runner and seal face and wherein the high-pressure airflow allows the seal face to ride against a film of air during operation of the of the gas turbine engine.


 16.  The engine of claim 15, wherein the compressor is a high-pressure compressor.


 17.  The engine of claim 15, wherein the engine is a turbofan engine.


 18.  The engine of claim 15, wherein the seal runner is provided by a surface of the compressor.


 19.  The engine of claim 18, wherein: the compressor has a rear hub;  and the seal runner is provided by a surface of the rear hub.  Description  

BACKGROUND


1.  Technical Field


The disclosure generally relates to gas turbine engines.


2.  Description of the Related Art


A gas turbine engine typically maintains pressure differentials between various components during operation.  These pressure differentials are commonly maintained by various configurations of seals.  In this regard, labyrinth seals oftentimes are
used in gas turbine engines.  As is known, labyrinth seals tend to deteriorate over time.  By way of example, a labyrinth seal can deteriorate due to rub interactions from thermal and mechanical growths, assembly tolerances, engine loads and maneuver
deflections.  Unfortunately, such deterioration can cause increased flow consumption resulting in increased parasitic losses and thermodynamic cycle loss.


SUMMARY


Gas turbine engine systems involving hydrostatic face seals are provided.  In this regard, an exemplary embodiment of a hydrostatic seal assembly for a gas turbine engine comprises: a compressor seal face assembly having a seal face and a
mounting bracket, the mounting bracket being operative to removably mount the seal face assembly within a gas turbine engine adjacent to a compressor such that the seal face is positioned to maintain a pressure differential within the gas turbine engine
during operation of the engine.


An exemplary embodiment of a compressor assembly for a gas turbine engine comprises a compressor having a hydrostatic seal formed by a seal face and a seal runner.


An exemplary embodiment of a gas turbine engine comprises: a compressor; a shaft interconnected with the compressor; and a turbine operative to drive the shaft; the compressor having a hydrostatic seal formed by a seal face and a seal runner.


Other systems, methods, features and/or advantages of this disclosure will be or may become apparent to one with skill in the art upon examination of the following drawings and detailed description.  It is intended that all such additional
systems, methods, features and/or advantages be included within this description and be within the scope of the present disclosure. 

BRIEF DESCRIPTION OF THE DRAWINGS


Many aspects of the disclosure can be better understood with reference to the following drawings.  The components in the drawings are not necessarily to scale.  Moreover, in the drawings, like reference numerals designate corresponding parts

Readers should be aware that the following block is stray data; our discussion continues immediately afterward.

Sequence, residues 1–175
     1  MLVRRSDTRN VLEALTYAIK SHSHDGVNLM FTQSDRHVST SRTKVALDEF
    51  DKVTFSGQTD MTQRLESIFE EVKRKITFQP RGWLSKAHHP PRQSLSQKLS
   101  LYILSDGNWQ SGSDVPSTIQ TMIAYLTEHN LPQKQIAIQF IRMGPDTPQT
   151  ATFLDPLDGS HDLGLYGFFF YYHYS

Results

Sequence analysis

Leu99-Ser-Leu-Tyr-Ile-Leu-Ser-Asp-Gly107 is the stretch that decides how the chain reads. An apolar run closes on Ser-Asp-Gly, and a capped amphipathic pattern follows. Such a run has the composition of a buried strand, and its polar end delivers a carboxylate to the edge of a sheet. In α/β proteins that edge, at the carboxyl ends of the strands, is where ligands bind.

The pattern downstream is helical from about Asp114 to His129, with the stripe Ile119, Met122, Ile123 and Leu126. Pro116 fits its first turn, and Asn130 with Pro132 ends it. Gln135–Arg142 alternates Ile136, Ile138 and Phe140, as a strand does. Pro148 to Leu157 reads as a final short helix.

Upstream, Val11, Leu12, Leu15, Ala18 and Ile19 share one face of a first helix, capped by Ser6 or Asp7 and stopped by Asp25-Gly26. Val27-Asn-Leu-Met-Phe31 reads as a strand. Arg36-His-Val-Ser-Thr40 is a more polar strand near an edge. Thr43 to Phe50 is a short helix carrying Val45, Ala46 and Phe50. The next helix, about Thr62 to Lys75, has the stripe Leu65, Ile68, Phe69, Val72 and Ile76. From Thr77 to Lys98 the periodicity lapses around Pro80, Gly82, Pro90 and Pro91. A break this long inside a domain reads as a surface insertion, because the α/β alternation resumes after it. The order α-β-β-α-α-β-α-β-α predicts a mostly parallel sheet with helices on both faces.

throughout the several views.


FIG. 1 is a schematic diagram depicting an exemplary embodiment of a gas turbine engine.


FIG. 2 is a schematic diagram depicting a portion of the exemplary embodiment of FIG. 1.


FIG. 3 is a schematic diagram depicting the exemplary embodiment of the face seal of FIG. 2 in greater detail.


DETAILED DESCRIPTION


Gas turbine engine systems involving hydrostatic face seals are provided, several exemplary embodiments of which will be described in detail.  In this regard, hydrostatic face seals can be used at various locations of a gas turbine engine, such
as in association with a compressor.  Notably, a hydrostatic seal is a seal that uses balanced opening and closing forces to maintain a desired separation between a seal face and a corresponding seal runner.  In some embodiments, the seal runner of a
hydrostatic seal can be integrated into an existing component of the gas turbine engine.  By way of example, the seal runner can be provided as a portion of an exterior surface of a compressor.  By integrating components in such a manner, for example, a
potential reduction in the overall weight of the gas turbine engine can be achieved.


FIG. 1 is a schematic diagram depicting an exemplary embodiment of a gas turbine engine.  As shown in FIG. 1, engine 100 is configured as a turbofan that incorporates a fan 102, a compressor section 104, a combustion section 106 and a turbine
section 108 that are arranged along a longitudinal axis 109.  Although the embodiment of FIG. 1 is configured as a turbofan, there is no intention to limit the concepts described herein to use with turbofans, as various other configurations of gas
turbine engines can be used.


Engine 100 is a dual spool engine that includes a high-pressure turbine 110 interconnected with a high-pressure compressor 112 via a shaft 114, and a low-pressure turbine 120 interconnected with a low-pressure compressor 122 via a shaft 124. 
Also shown in FIG. 1 are stationary vanes 126, 128 and rotating blade 130 of the high-pressure compressor.


As shown in greater detail in FIG. 2, high-pressure compressor 112 incorporates a hydrostatic face seal 150.  It should be noted that although the embodiment of FIGS. 1 and 2 incorporates a hydrostatic face seal in the high-pressure compressor
112, such seals are not limited only to use with high-pressure compressors.


As shown in FIG. 2, high-pressure compressor 112 defines a primary gas flow path 152 along which multiple rotating blades (e.g., blade 130) and stationary vanes (e.g., vanes 126 and 128) are located.  A portion of the primary gas flow is fed
through an inner diameter bleed downstream of blade 130 into a high-pressure cavity 154, which is located radially inward of vane 128.


A relatively lower-pressure cavity 164 is oriented adjacent to the high-pressure cavity 154, with hydrostatic face seal 150 being provided to maintain a pressure differential between the high-pressure cavity and the lower-pressure cavity.